Welcome to another article on Building Better Web Pages. This article series comprehensively covers building an HTML document: easily learned, but rarely perfected.

Today’s article covers CSS Sprites. This also means that it covers Javascript preload images, rollover images, hover images, and the old rookie question of, “why do my images blink when I hover over them?” The goal of this article, other than helping you build better web pages, is to catch search engine queries in the preceding sentence and help steer those people in the correct direction. We won’t try to reinvent the wheel with this article, seeing as how this topic has been well detailed for years by bloggers like Dave Shea and Petr Stanicek (A List Apart and Wellstyled.com, respectively).

Solid Statement: Do not use separate images or Javascript for rollover/hover states. Combine them into a single image file side by side and use ‘background’ or ‘background-position’ to get the original or the hover.

Why Do I Need to Use CSS Sprites?

If you found this article because you were searching for “preload images”, “rollover images”, or “blinking images”, you were heading in the wrong direction. Luckily you are here and can learn the simple beauty of CSS Sprites. You should wipe those other thoughts from your mind and never again specify two different images in your CSS file for the same thing.

Quite simply, CSS Sprites are defined as combining 2 or more images in one image file. Your stylesheet can then assign them in the background or background-position property.

.submit-button {
   background: url('images/button.jpg') no-repeat;
.submit-button:hover {
    background: url('images/buttonhover.jpg') no-repeat;

If you ever used this method (we were all newbies at some point), then this is where you saw your “blinking” image. The first time you hovered over the image, the page had to send a request out to download the hover image. This leaves a short window of waiting while that image is fetched, leaving you with an empty spot for a split second.

Frustrated, you might have then set out on some wild goose chase looking for a way to preload the images. This was done by jumping through hoops with Javascript. While that method solved your blinking problem, it left you still using 2 images and additionally having to parse additional lines of script.

The Solid Solution

CSS Sprites can solve all your woes. There will be no additional HTTP requests needed that will waste time and bandwidth. There will be no related script that needs to run and be maintained in sync with your images. Best of all, there will be no blinking. When will you use them? Any images used in your page that have a hover or active state should be using a CSS sprite, like a button. In theory, you can make a sprite our of any number of images. You could put all your pages images in a single image file and reference them by their coordinates. In practice, though, you should minimize the number of images in one sprite. It becomes a nightmare trying to manage large image maps down the road. Here is an example of a CSS sprite I used to represent a button with 3 states.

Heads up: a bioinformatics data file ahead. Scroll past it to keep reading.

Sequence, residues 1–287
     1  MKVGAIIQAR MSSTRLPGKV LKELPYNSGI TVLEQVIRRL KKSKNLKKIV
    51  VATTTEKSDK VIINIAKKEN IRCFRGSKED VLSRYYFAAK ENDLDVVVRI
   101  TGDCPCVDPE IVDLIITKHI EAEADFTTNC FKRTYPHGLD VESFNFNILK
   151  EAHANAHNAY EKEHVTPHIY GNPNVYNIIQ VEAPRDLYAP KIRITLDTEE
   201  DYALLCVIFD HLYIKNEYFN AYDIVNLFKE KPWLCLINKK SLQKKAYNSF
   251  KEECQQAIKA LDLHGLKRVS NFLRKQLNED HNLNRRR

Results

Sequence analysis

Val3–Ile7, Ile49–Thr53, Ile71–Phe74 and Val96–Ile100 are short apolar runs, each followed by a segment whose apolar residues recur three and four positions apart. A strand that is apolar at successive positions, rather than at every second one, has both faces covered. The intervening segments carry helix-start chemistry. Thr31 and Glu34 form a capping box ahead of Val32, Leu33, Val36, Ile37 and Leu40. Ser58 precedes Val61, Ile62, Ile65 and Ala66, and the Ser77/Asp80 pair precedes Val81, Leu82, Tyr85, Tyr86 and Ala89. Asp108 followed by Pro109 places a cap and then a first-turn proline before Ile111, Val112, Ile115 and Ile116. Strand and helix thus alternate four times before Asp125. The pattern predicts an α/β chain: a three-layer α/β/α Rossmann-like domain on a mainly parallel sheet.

CSS Sprite 3 states

Single CSS Sprite

CSS Sprite in action

Sprite In Action

Using an image like this, you simply set the background-position of left, center or right. You can also stack vertically using top/bottom, or specify a pixel position such as 20px 0px (which says 20 to the right and 0 down). I prefer to combine them all in the versatile background property. See the example below.

.submit-button {
    width: 112px;
    background: url('images/button.jpg') left;
.submit-button:hover {
    background: url('images/button.jpg') center;
    background: url('images/button.jpg') right;

Solid Tip: If you prefer “background,” you must specify the image file for the hover and active pseudo-classes. If you prefer “background-position,” you can simply put “left” or “right.” I prefer background so I can always have the reference to the image its using without hunting down the original.

The CSS above is an elegant and proper way to handle image mouseover (hover) and mousedown (active). It is quick, clean, valid, cross-browser compatible, and easy to implement: all the things a good designer should want. If this article has helped you, let me know. If you already use CSS sprites, I applaud you for reading this far. Be sure to check out the other articles in the series, Building Better Web Pages.

Solid Reading

For building better web pages, any of the following books are a great! “Web Design For Dummies” introduces pretty much every aspect of design, including planning and research. If you are interested more in the concepts and ideas of proper markup, go with “HTML and CSS Web Standards Solutions”. Finally, for a more conversational tone, “Designing with Web Standards” is reading geared toward the practical application, rather than the concepts themselves.